Mark your calendars for Dec. 13, folks. The House Republican campaign arm is throwing a festive bash for prolific fundraiser, ousted speaker, and still-sitting member of Congress Kevin McCarthy.
For what, you ask. Good question.
“Is this a going-away party?” one unnamed House Republican posited to Politico, which obtained the invitation to the private three-hour reception at an undisclosed location.
The invitation hails McCarthy’s “tireless work in support” of “delivering our House majority.” And McCarthy’s colleagues apparently plan to toast the man who has “done so much for each one of us.”
He’s done so much, in fact, they dragged him through 15 rounds of voting to secure the speakership, then kicked him out within the year! Sure, McCarthy raised a boatload of cash to help elect Republicans’ narrow majority, but you know what they say: No good deed goes unpunished.
The entire event is a strange proposition. Some people wonder if McCarthy is resigning before the end of his term, which would seriously jam the GOP majority. With last week’s ejection of Rep. George Santos and the upcoming resignation of Rep. Bill Johnson of Ohio, House Republicans are facing a stretch next year of navigating a meager two-seat majority.
Or perhaps McCarthy plans to announce he won’t seek reelection next year, adding to the list of roughly a dozen Republicans who are either heading to greener pastures or running for a different office.
Should McCarthy decide to leave, he would be in good company. Rep. Patrick McHenry of North Carolina, who reluctantly became speaker pro tempore following McCarthy’s ouster, announced Tuesday he would not seek reelection. Let’s face it: McHenry was in the wrong place at the wrong time, and he’s making damn sure that will never happen again.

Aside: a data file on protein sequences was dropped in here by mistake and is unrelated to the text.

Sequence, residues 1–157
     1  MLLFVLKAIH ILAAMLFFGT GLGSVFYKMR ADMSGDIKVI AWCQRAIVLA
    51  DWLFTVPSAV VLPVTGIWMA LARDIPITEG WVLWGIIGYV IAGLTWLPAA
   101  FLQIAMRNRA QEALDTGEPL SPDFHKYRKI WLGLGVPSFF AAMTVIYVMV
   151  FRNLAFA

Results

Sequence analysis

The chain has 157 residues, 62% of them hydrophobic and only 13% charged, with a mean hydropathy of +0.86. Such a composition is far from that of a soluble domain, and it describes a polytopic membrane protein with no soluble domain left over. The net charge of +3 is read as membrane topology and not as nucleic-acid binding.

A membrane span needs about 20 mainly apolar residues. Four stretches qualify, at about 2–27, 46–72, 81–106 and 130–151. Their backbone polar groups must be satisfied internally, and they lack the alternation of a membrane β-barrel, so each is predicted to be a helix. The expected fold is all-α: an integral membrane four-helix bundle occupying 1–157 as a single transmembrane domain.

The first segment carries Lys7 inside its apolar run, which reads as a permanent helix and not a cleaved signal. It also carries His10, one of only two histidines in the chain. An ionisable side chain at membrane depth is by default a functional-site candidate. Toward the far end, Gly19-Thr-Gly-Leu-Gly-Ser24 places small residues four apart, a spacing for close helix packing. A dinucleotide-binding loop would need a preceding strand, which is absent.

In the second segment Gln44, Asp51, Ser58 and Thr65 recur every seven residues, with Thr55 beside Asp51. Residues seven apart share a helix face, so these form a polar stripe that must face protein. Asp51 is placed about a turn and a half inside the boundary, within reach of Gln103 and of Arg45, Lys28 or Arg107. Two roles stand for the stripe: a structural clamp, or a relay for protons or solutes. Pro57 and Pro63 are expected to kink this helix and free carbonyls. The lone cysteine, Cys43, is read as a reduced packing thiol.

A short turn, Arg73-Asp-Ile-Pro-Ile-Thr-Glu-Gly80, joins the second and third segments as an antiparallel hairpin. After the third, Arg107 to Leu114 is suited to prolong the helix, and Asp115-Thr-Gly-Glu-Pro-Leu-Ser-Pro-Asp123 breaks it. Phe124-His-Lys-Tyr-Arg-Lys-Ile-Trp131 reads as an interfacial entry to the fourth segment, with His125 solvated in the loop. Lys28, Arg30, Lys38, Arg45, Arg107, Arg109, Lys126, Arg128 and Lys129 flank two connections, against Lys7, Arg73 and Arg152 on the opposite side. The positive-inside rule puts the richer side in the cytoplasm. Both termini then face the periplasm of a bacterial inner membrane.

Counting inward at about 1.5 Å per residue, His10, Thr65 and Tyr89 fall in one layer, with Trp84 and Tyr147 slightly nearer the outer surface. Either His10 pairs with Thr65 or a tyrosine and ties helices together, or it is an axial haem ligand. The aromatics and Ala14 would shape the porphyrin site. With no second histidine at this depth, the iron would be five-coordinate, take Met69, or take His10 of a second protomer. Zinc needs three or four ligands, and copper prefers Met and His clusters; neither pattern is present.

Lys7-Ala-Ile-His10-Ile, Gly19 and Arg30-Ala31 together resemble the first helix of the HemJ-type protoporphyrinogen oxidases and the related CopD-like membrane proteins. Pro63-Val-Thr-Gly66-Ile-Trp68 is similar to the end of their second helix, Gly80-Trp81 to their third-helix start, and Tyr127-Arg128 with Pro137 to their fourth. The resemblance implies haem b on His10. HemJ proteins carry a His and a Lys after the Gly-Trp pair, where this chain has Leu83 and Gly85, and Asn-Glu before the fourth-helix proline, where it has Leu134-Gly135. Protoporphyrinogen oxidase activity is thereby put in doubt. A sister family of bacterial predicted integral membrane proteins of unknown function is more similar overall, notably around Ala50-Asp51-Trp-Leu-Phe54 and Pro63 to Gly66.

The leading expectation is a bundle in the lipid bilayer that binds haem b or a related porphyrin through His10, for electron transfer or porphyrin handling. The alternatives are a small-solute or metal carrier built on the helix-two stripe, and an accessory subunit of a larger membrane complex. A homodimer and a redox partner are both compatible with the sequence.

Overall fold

Or … maybe McCarthy stays.
Whatever the case, the National Republican Campaign Committee and its chair, event host Rep. Richard Hudson of North Carolina, clearly want to stay in McCarthy’s good graces.
Here’s looking at you, McCarthy, and your fantastically short-lived but historic turn as speaker!
There has been a ton of coverage in recent weeks over a streak of poor 2024 polling for Democrats and Target Smart’s Tom Bonier joins us to help us separate the wheat from the chaff. We talk about what to take from these polls and how to balance them against the much more positive election results we’ve seen this year. We also discuss how early voting data continues to evolve and how Sen. Sherrod Brown’s campaign will use Ohio’s recent abortion and marijuana referendums to find new persuadable voters next year.